Honduras is an underestimated place to visit. The food and people are warm and inviting. There has been some unrest in the country in recent years and a series of hurricanes has devastated the population. Tourism is a great way to bring money into a place the needs it. Just don’t take advantage of them while you are there.

Mexico

Mexico is a country filled with wonders new and old. You can experience the ruins of some of the oldest civilizations and bask in the modernity of Mexico City. The food is as diverse and vibrant as the people with delicious moles in Oaxaca and experimental fusions in Mexico City. Valle de Guadalupe is home to some farm to table restaurants and exquisite wineries. It truly is a journey of the sense if you take time to see the country.

Colombia

Colombia is one of South America’s gems. After years of internal conflict, the nation is growing and quickly becoming a destination. Bogotá and Medellín are great but make it a point to visit Cali. The city is one of the place everyone should visit if they make their way to Colombia.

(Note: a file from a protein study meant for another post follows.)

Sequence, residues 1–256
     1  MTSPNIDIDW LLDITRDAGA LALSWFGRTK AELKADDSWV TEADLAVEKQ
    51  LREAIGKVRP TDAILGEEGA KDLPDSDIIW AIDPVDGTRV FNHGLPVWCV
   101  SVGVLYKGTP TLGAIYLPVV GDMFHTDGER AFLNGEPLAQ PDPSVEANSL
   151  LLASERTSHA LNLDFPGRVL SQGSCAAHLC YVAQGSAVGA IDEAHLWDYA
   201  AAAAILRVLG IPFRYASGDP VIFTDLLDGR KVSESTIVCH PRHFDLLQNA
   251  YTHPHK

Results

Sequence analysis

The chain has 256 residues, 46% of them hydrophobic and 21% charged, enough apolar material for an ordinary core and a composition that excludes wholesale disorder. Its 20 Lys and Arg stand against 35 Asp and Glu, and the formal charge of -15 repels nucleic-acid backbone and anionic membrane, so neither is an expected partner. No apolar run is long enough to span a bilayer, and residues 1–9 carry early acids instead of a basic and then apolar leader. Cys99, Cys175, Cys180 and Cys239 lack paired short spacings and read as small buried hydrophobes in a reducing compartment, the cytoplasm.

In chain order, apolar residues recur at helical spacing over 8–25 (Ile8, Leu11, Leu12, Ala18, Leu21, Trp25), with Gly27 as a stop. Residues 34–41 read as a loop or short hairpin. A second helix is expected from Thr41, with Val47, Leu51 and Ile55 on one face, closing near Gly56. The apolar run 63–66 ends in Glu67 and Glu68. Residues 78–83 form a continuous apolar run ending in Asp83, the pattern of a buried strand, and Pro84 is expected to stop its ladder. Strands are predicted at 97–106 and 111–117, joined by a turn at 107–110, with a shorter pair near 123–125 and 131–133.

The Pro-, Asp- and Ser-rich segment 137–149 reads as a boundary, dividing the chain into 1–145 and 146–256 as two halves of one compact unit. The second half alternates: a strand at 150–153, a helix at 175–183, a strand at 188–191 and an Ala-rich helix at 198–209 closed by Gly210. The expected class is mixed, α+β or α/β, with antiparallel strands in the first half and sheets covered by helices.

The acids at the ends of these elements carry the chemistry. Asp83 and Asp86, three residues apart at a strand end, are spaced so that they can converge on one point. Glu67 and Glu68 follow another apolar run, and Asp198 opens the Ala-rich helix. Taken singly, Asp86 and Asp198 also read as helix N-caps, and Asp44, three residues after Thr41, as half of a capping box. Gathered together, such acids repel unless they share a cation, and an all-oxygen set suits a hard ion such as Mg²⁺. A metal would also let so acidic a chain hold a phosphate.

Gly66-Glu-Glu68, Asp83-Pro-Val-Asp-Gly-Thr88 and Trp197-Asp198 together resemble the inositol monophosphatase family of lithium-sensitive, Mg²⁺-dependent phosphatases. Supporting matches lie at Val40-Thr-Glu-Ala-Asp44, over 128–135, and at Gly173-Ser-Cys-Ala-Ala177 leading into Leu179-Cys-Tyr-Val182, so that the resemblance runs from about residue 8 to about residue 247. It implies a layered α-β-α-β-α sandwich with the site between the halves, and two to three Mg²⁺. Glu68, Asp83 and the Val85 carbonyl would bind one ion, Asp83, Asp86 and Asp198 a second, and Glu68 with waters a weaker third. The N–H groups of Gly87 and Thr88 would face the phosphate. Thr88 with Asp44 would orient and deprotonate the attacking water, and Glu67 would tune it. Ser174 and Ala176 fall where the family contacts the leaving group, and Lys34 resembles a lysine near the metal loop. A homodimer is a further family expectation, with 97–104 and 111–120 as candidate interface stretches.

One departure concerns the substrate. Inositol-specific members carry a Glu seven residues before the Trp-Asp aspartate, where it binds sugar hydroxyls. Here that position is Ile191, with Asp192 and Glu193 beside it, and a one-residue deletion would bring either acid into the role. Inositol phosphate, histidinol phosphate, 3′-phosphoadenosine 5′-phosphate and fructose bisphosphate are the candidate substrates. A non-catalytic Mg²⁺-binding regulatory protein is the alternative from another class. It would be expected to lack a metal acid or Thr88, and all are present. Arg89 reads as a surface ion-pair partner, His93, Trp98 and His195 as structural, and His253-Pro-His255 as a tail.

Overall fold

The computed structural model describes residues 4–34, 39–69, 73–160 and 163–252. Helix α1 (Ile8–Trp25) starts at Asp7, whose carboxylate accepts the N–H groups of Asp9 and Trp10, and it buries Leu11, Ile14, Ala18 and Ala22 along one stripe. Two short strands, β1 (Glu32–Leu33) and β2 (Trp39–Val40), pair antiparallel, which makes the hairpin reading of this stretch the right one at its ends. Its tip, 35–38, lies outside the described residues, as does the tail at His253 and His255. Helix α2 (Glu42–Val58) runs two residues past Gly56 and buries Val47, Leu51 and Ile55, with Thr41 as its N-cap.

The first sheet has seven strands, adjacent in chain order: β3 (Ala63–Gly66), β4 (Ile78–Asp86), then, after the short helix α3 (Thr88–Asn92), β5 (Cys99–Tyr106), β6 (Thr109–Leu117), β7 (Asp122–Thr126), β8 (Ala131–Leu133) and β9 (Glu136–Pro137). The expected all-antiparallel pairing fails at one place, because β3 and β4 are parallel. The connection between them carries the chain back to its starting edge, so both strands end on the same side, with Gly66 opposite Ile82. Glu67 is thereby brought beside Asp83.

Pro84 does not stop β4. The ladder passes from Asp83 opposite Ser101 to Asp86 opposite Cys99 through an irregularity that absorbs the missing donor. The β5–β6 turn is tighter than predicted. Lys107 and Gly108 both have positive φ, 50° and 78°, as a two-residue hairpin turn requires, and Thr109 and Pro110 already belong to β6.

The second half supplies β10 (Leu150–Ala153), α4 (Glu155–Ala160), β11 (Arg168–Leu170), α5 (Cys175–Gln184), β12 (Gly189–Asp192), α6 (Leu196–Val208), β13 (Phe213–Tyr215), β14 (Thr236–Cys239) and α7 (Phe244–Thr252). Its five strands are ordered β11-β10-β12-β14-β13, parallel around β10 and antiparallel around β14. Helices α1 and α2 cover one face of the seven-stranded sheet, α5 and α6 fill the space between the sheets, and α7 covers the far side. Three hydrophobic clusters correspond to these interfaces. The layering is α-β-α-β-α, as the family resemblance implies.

READ: Mexico Announces 11 New Pueblos Mágicos And It’s The Post-COVID Travel Lust We All Need Right Now

Notice any needed corrections? Please email us at corrections@wearemitu.com

Watch the Stunning Video of the Total Eclipse that Plunged Argentina and Chile Into Darkness

Things That Matter

Watch the Stunning Video of the Total Eclipse that Plunged Argentina and Chile Into Darkness

Photo by MARTIN BERNETTI/AFP via Getty Images

Thousands of observers gathered in parts of Chile and Argentina on Monday to witness a rare and stunning total solar eclipse. The natural phenomenon is the second solar eclipse to be visible in Chile in the last 18 months.

Because of the perfect timing this time around, this year’s eclipse was especially breathtaking.